Chants of “Black Lives Matter,” “Indigenous Lives Matter” and “Pride Lives Matter” filled the air at Lloydminster City Hall Saturday, as protesters raised awareness of discrimination, both in the community and worldwide.

Vermilion Unites for Equalitya group that formed during Black Lives Matter protests in June, held a rally September 26th. The organization hoped to use the event to foster the discussion around racism, sexism, homophobia and transphobia.

Speakers included Black and Indigenous Alliance Alberta founders Kisha and Callum Daniels, local No Justice No Peace founder Ashleigh Cardinal,  Pakistan Canada Association of Edmonton Hospitality Director Sajida Asghar and Red Deer Against Racism founder Cheryl Jamie.

VUFE co-founder Brad Gallamore holds an anti-racism sign [ Dan Soul/106.1 The Goat]

The speakers shared their experiences with racism. They also showcased statistics on how racism impacts marginalized groups on several levels, and stood in solidarity with victims of racism, police brutality and missing or murdered people of colour.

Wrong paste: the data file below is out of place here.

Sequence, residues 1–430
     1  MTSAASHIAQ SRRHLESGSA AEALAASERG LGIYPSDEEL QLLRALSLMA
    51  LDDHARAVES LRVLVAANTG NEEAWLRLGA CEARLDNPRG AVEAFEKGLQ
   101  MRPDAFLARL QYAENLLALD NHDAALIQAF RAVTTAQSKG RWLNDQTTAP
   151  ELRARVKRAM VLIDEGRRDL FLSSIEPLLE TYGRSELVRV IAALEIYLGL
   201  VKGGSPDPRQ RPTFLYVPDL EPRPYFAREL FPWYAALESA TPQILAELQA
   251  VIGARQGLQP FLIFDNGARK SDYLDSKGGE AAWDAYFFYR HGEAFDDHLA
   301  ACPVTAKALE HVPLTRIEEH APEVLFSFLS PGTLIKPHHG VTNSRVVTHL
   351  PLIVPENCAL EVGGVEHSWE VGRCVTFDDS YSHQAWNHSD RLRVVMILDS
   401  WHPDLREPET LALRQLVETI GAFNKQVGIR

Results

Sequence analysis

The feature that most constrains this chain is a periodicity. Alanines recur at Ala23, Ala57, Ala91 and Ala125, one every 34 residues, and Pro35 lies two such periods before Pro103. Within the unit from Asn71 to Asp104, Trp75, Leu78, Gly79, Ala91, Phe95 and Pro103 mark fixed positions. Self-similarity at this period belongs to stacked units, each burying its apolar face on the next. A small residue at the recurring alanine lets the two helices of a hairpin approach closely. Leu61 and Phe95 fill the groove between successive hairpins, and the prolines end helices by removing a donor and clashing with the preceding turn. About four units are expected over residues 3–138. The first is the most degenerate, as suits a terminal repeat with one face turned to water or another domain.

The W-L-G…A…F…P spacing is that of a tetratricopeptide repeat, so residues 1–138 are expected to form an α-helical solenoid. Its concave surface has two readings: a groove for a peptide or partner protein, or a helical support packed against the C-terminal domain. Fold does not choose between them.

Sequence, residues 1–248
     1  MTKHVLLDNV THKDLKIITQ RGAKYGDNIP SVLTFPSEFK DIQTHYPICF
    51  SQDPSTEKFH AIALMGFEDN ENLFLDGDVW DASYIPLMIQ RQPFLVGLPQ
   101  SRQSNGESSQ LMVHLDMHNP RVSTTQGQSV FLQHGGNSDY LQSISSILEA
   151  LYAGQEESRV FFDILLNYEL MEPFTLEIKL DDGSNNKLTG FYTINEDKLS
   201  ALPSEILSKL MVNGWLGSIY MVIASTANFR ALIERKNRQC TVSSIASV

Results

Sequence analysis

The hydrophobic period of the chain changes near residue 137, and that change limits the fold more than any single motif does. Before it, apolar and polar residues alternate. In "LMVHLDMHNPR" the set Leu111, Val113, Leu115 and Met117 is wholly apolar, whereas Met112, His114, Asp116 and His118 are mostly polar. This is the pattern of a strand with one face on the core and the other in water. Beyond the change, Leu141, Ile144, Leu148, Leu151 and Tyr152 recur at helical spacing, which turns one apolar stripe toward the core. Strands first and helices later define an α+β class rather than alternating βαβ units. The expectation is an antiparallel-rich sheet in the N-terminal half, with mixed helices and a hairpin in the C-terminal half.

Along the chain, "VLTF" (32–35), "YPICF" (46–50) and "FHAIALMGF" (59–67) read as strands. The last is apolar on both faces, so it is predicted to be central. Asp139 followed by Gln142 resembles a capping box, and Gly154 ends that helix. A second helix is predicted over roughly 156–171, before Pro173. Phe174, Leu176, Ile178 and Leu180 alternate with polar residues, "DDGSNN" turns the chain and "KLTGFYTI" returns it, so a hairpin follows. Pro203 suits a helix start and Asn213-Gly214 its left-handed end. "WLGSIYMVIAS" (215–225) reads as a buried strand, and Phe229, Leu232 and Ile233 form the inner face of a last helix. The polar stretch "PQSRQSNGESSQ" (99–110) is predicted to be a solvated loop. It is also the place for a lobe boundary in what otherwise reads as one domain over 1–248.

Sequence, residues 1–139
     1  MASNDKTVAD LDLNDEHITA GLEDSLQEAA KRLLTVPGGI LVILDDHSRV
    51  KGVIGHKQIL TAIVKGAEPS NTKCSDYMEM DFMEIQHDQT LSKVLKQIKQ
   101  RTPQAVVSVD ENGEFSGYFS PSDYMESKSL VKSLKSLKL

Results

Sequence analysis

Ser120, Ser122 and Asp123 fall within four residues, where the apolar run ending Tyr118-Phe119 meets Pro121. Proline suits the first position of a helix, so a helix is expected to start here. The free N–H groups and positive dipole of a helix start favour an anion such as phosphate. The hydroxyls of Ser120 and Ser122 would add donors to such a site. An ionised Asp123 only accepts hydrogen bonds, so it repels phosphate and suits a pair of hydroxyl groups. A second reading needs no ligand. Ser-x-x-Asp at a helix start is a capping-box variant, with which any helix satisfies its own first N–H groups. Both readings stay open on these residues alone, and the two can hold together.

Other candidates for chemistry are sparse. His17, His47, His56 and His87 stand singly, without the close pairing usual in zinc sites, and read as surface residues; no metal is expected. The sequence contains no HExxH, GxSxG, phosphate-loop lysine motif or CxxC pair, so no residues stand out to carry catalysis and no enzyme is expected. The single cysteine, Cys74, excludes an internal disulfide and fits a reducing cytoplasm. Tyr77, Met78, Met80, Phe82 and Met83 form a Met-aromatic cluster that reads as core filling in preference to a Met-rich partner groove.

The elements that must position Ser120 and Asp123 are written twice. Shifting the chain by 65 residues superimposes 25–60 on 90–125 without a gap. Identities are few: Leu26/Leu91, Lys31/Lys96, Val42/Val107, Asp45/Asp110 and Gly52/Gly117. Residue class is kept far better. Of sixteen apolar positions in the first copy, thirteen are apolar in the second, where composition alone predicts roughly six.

Tigra-Lee Campbell, one of the co-creators of VUFE, says she has experienced racism first hand, and she would like to see several changes to build a more positive society for BIPOC people.

“Support the social systems, whether that be education, healthcare and addictions and mental health services. We feel like if these services are really brought up in the social level, we won’t be seeing the problems that we have today.”

Solidarity protesters block a heckler yelling at speaker Ashleigh Cardinal [Dan Soul/106.1 The Goat]

While there was some concern from organizers and attendees of backlash, especially after anti-racism protests in Red Deer were violently challenged by counter-protesters, the day largely saw people honking their horns in solidarity as they drove by. There was also a heckler who showed up, but the situation was quickly diffused peacefully.

Campbell explains that she hopes people came away from the peaceful protest with an understanding of how racism exists in their own lives, and what they can do it fight it.

“Call it out where you see it, whether that’s at the table, or in the workplace. There’s tons of resources out there that you can read or listen to, that can help you understand more about what racism is, and how it really is [impactful] in Canada, and to learn our history and where we’ve come from.”

VUFE has turned their weekly discussions into Zoom meetings, and plan to hold several events on diversity and inclusion in the future. They will announce details on their social media.